By Janice Y. K. Lee
Published January 2009 by Penguin Group
In 1942, Will Truesdale, an Englishman newly arrived in Hong Kong, falls headlong into a passionate relationship with Trudy Liang, a beautiful Eurasian socialite. But their love affair is soon threatened by the invasion of the Japanese as World War II overwhelms their part of the world. Will is sent to an internment camp, where he and other foreigners struggle daily for survival. Meanwhile, Trudy remains outside, forced to form dangerous alliances with the Japanese—in particular, the malevolent head of the gendarmerie, whose desperate attempts to locate a priceless collection of Chinese art lead to a chain of terrible betrayals.
Ten years later, Claire Pendleton comes to Hong Kong and is hired by the wealthy Chen family as their daughter's piano teacher. A provincial English newlywed, Claire is seduced by the heady social life of the expatriate community. At one of its elegant cocktail parties, she meets Will, to whom she is instantly attracted—but as their affair intensifies, Claire discovers that Will's enigmatic persona hides a devastating past. As she begins to understand the true nature of the world she has entered, and long-buried secrets start to emerge, Claire learns that sometimes the price of survival is love.
Katherine, at agirlwalksintoabookstore.blogspot.com, reviewed this book and said:
I would have liked to have found out more about Will and Claire’s relationship, too: why are they drawn together, since they seem to have nothing in common? Too, there’s a lot that’s implied about what happened during the war, especially to Trudy and her cousin, Dommie; but we never find out for sure. And the “villain” in this novel wasn’t quite what I expected, either. His motivations for doing what he did are a little odd. But as I’ve said, the writing is beautiful, the research is superb, and the setting is fantastic.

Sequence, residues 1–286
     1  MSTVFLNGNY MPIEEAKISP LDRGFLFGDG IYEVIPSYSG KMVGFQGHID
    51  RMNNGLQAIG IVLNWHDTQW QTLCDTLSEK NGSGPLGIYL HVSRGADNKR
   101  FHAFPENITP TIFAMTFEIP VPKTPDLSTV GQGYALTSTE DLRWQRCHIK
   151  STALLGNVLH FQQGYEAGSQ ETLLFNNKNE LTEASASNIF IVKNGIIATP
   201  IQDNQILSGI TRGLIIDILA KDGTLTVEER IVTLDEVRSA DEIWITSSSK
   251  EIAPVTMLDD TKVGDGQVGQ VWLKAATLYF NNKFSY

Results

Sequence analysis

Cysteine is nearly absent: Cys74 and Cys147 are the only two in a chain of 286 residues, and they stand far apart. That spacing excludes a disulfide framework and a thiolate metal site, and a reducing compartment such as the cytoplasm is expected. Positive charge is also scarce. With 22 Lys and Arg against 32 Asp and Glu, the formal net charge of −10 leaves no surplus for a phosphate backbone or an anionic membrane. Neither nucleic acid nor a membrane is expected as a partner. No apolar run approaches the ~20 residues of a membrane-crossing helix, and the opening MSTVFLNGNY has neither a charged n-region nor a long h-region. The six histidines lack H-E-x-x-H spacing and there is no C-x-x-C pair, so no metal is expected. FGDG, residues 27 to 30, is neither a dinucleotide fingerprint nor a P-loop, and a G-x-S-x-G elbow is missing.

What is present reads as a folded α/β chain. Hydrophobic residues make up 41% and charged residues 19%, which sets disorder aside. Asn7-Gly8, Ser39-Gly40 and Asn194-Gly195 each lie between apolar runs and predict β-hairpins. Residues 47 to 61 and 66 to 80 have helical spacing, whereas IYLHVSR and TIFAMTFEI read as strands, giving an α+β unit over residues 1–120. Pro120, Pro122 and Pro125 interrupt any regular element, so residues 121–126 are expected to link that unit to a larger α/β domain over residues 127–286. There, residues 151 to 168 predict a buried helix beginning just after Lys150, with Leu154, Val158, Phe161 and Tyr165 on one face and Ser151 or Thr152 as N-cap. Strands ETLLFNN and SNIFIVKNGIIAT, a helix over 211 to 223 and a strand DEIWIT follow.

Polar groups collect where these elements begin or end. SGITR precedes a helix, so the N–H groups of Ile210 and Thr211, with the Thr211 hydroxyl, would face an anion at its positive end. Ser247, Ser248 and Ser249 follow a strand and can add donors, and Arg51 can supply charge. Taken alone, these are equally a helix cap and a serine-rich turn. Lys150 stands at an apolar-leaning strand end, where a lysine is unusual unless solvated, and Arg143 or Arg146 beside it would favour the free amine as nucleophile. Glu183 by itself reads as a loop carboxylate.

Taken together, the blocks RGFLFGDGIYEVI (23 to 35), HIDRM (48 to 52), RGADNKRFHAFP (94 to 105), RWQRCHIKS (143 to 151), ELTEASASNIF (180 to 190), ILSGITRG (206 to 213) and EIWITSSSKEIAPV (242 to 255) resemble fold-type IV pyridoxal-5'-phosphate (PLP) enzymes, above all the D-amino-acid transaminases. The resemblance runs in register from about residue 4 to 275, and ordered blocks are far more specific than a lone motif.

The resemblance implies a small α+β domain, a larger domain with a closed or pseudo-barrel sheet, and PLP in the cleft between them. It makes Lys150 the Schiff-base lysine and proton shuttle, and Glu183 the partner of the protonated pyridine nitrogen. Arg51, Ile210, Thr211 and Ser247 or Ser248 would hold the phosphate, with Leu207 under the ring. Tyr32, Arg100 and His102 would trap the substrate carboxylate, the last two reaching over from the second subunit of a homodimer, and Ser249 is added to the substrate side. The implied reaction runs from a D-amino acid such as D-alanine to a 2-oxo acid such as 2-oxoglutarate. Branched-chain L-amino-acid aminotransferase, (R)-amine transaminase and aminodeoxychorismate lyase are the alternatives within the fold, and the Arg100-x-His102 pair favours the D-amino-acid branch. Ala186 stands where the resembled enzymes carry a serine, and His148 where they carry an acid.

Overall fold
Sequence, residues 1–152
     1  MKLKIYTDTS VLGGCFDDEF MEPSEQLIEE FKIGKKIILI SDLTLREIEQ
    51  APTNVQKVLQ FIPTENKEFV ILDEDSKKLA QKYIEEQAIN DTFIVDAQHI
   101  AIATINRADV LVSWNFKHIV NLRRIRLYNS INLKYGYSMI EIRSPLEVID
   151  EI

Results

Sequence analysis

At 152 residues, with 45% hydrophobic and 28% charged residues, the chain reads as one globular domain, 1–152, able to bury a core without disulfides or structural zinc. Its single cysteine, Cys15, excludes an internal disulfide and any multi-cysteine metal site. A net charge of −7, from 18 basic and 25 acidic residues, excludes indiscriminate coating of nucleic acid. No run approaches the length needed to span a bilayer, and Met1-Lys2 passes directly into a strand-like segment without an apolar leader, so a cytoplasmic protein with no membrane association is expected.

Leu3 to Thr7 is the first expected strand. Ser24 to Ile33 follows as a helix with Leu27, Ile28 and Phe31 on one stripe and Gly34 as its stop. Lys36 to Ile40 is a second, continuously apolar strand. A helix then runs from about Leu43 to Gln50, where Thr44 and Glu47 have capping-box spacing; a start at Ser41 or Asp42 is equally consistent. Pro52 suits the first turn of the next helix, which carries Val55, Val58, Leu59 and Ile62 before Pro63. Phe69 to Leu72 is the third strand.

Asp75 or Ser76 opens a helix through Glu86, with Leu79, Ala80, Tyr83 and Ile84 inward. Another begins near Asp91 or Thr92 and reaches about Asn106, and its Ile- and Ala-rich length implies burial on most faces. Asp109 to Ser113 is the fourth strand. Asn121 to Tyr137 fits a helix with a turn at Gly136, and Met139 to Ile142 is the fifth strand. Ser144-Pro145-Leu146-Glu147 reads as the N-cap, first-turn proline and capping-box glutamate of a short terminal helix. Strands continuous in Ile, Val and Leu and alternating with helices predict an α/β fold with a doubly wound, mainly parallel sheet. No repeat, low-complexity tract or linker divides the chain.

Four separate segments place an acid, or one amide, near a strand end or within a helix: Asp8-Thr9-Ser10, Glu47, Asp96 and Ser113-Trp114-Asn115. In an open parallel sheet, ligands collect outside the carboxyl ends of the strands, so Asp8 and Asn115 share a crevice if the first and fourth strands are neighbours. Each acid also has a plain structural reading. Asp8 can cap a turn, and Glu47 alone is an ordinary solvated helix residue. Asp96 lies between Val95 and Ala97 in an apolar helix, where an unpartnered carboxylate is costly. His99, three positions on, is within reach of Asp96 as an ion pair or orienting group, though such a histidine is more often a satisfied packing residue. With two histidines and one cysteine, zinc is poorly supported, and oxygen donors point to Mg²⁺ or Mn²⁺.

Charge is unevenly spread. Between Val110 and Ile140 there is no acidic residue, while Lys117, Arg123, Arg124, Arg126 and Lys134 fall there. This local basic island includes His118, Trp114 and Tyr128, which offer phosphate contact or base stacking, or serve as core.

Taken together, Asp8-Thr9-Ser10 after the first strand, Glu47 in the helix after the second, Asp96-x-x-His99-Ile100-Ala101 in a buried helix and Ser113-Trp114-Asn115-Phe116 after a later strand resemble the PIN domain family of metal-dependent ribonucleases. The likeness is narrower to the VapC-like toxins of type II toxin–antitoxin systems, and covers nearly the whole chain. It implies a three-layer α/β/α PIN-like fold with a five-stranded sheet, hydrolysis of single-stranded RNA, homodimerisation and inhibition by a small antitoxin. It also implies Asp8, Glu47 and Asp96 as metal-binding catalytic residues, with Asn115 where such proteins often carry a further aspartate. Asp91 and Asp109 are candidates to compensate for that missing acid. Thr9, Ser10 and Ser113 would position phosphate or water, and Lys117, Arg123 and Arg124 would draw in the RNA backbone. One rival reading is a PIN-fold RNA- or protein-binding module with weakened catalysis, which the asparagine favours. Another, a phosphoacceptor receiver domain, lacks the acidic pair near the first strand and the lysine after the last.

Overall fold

This book is beautifully written and well researched. It is about a part of WWII I was not familiar with, set in a love story. The back and forth between the two time periods can sometimes become confusing, but I liked Lee's use of gossip in the latter time period to tell the story of the early time period. I would have to agree with agirlwalkedintoabookstore's assessment of the relationship between Will and Claire but I thought the relationship between Will and Trudy was very well written and Trudy was a fascinating, complex character. I did not have a problem with Lee leaving some things to the reader's imagination although I do agree that the motivation of the "villain" should have been more clear. The issues between the classes, races and nationalities were well explored and made for excellent reading.